Share other people’s content sparingly.

Self promotion has to have value, or at least not look like self promotion.

Don’t be afraid to ask questions of your fan base or ask them to share.

Drive fans to your website, or blog, from places like Facebook or YouTube not the other way round.

Pick your social media sites carefully. In my opinion, YouTube, for example, is very useful and can expose you to an enormous audiences, but the attention span is fleeting and the sense of community is almost non-existent. Embed videos in your site or page. Facebook works for my business and my previous business. Twitter does not. However, Twitter will almost certainly work for my new business, and it works for me personally. This has a lot to do with the small towns versus large cities and the  nature of my business – it may well be different for yours. Google+ has some personal value, and some SEO benefits, but has little real world value at this point in time in my opinion. But it does look very pretty!

Numbers of likes or followers are pretty irrelevant. It is the level of engagement that counts. I’d much rather have two hundred relevant, and engaged, fans or followers than 6,000 just making up the numbers. As someone much smarter than me once said: “If you believe business is built on relationships, make building them your business.”

And finally, don’t cross post, post from one social network to another, unless you really know what you are doing.

And even then just don’t do it.

Please.

I beg of you.

I see people I respect and who should really know better, cross posting and it is counterproductive. Content for Facebook does not translate well to Twitter because of the character limit. Twitter’s special characters are not understood by most Facebook users.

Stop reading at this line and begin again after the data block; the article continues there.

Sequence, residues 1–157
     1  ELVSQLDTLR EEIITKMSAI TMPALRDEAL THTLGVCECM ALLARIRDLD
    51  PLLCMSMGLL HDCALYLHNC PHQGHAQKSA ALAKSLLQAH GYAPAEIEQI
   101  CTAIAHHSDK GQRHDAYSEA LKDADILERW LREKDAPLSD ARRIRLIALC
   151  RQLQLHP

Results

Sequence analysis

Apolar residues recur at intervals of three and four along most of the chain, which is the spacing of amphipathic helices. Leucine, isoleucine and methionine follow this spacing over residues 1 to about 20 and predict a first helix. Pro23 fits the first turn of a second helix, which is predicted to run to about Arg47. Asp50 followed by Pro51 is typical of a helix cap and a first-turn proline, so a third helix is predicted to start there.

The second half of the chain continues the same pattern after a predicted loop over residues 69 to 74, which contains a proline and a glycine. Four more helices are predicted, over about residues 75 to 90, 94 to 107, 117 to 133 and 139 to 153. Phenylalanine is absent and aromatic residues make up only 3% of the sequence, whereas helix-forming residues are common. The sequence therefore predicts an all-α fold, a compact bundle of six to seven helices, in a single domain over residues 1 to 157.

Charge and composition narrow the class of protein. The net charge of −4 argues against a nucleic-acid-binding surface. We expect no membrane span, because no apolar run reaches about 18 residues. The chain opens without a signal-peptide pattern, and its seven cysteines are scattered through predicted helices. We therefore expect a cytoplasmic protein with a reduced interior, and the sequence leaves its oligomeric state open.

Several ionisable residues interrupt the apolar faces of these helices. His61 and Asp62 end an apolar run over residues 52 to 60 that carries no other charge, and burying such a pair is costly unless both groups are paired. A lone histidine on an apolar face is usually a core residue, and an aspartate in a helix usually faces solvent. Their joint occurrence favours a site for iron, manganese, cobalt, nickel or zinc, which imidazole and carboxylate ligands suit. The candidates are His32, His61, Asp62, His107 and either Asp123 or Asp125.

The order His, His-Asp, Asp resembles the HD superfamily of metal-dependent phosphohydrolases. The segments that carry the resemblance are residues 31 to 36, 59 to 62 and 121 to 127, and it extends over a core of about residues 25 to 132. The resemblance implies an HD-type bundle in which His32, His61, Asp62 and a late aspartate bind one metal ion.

There are social networks where cross posting seems to work pretty well, but again, it is a black art, and if you are questioning the ROI of any social network, cross posting from a different network is not any kind of an investment.

To sum up this long, and sprawling post, the ROI of social media is the ROI of engagement. If talking to existing and new customers is not for you then I wish you well.

That just means more customers for the rest of us.

Many thanks to my friends and colleagues on the Marking in Veterinary Medicine LinkedIn group for the conversation that this post was cannibalized from. Also many thanks to Ali Burden-Blake (@inkspotsocial) for her excellent blog post: “Stop! Why using social media won’t work for your veterinary practice.” which inspired the conversation in the first place.

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We’ve all heard the excuses:

“They just care so much…they are very passionate.”

“You should have seen them a few years back – they are really mellow now in comparison to then!”

“They have a lot on their plate at the moment.”

The bottom line is that a lot of people, in a lot of businesses, get away with being badly behaved because of who they are. Maybe they bring in more business than anyone else, maybe they have been around for a very long time, maybe your business genuinely does depend on their work. None of this, however, overcomes the fact that behavior that would not be tolerated from most members of staff is quite often considered part of who these “superstars” are.

This phenomenon can be called “The Steve Jobs Effect.”

I’ve been reading Walter Isaacson’s excellent biography of Jobs. For all that I admire the man for his dedication to the user experience, and to creating great products (I’m writing this on an iPad, while listening to an iPod, and checking Twitter on my iPhone), I can’t help feeling that I would have had nothing to do with the man had I met him while he was alive. That is not a very popular opinion these days, but even if you ignore all the dubious dealings, and less than perfect life choices, it is difficult to argue that Jobs was anything other than a horrible person to work for.